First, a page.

Facts and Myths About Hospice
MYTH: Hospice is where you go when there is nothing left to be done.
Hospice is the “something more” that can be done for the patient and the family when the illness cannot be cured. It is a concept based on comfort-oriented care. A referral into hospice is a choice to receive comfort care, where hospice professionals
are trained to assist patients in living their lives fully, completely, and without pain until the end of their lives.
MYTH: Families should be isolated from a dying patient.
FACT: Family members are encouraged, supported, and trained by hospice professionals to care for their loved ones. Hospice staff are available to the patient and their families 24 hours a day, 7 days a week, to help family and friends care for their loved ones.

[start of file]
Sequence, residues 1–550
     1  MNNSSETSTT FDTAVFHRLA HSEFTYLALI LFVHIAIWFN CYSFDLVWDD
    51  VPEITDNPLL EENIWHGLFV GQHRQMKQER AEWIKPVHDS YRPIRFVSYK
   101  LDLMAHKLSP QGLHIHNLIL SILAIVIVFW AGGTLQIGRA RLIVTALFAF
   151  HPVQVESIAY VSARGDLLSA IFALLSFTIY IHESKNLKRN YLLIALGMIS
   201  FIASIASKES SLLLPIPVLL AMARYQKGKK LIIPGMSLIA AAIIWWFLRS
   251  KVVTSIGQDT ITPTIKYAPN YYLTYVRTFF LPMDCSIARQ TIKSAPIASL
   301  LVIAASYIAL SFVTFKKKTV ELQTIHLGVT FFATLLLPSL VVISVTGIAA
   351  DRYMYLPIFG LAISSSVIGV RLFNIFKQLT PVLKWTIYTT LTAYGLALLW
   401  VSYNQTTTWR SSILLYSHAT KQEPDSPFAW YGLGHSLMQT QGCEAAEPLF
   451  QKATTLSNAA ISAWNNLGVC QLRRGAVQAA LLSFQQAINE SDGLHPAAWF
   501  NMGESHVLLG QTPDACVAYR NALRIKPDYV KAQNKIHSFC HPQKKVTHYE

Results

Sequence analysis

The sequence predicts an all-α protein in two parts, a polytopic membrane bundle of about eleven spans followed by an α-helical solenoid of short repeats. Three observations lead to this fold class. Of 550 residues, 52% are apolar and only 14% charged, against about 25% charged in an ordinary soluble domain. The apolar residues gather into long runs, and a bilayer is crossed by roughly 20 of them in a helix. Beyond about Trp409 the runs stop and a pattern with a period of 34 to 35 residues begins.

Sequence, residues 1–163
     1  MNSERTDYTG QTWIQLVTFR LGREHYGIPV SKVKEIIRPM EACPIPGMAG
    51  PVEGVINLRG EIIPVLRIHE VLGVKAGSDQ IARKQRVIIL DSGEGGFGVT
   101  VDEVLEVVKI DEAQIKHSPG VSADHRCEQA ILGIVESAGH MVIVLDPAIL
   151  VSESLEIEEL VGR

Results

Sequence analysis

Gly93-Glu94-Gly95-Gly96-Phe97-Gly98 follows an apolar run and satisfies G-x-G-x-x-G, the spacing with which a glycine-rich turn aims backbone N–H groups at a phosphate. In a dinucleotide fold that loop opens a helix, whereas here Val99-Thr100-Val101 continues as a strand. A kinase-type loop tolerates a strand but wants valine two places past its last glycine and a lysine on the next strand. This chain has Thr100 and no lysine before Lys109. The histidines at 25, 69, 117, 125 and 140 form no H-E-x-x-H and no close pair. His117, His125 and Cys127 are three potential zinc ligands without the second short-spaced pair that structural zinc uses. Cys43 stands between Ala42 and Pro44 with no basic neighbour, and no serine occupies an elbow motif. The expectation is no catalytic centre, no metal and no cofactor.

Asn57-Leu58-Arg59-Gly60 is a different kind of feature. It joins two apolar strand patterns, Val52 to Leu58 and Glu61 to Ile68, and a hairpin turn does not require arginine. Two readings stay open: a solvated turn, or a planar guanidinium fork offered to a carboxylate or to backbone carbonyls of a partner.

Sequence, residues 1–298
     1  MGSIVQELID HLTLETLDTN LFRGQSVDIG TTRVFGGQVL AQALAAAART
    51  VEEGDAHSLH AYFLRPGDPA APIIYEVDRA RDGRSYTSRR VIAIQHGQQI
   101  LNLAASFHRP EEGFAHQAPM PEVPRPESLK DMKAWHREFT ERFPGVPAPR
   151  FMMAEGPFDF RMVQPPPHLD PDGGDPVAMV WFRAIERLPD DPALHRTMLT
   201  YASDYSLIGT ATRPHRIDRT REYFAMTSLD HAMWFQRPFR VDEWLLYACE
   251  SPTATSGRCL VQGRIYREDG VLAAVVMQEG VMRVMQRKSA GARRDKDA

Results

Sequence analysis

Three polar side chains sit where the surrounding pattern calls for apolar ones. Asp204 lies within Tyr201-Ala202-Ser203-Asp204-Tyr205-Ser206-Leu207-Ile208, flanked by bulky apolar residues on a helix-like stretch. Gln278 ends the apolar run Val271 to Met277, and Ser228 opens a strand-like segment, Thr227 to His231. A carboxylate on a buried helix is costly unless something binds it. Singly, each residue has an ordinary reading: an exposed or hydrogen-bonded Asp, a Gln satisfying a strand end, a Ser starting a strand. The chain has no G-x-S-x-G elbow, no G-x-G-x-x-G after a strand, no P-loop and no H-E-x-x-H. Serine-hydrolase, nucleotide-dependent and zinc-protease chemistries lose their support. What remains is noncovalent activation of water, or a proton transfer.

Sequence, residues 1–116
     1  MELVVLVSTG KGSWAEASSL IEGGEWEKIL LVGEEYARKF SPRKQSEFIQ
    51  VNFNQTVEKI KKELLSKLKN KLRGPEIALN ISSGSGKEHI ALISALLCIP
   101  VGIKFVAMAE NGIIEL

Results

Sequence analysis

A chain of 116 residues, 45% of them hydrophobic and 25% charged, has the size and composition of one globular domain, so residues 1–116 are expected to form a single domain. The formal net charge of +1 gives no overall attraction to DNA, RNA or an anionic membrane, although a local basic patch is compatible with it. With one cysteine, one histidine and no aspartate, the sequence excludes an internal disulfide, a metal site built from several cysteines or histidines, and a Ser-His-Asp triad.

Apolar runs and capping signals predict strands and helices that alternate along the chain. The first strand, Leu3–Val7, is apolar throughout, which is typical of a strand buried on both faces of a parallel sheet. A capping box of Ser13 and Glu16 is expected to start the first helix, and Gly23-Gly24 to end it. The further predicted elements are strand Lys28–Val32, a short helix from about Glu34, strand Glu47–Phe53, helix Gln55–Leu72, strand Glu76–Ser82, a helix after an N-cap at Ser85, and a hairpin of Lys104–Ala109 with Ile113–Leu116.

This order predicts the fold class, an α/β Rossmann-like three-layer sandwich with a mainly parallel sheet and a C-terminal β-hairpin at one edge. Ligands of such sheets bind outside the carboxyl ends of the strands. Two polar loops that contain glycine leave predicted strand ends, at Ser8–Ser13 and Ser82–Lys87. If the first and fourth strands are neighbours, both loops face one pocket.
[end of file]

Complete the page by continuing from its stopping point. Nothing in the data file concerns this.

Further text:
MYTH: Hospice care is more expensive.
Studies have shown hospice care can be less expensive than conventional care during the last six months of life. Medicare beneficiaries pay
little or nothing for hospice care. Most insurance plans, HMO’s, and managed care plans cover hospice care. Hospice care is provided wherever the patient calls their home or a family member’s, a nursing home, or an assisted living facility. Hospice is also provided in inpatient units, VA hospitals, and some correctional facilities.
MYTH: You can't keep your own doctor if you enter hospice.
FACT: Hospice physicians work closely with your doctor of choice to develop a plan of care. If the patient does not have a primary care physician, hospice can provide medical services.
MYTH: A hospice patient can’t go to the hospital.
FACT: A patient receiving hospice services may go to the hospital. Although, the hospice should be notified prior to transport so that we can notify the hospital billing office of the correct way to submit the bill. This eliminates the possibility of losing the hospice benefit and allows the hospice to determine if hospitalization is related to the terminal illness. However, hospice care is directed toward maintaining the patient and keeping them comfortable in his or her usual living arrangement.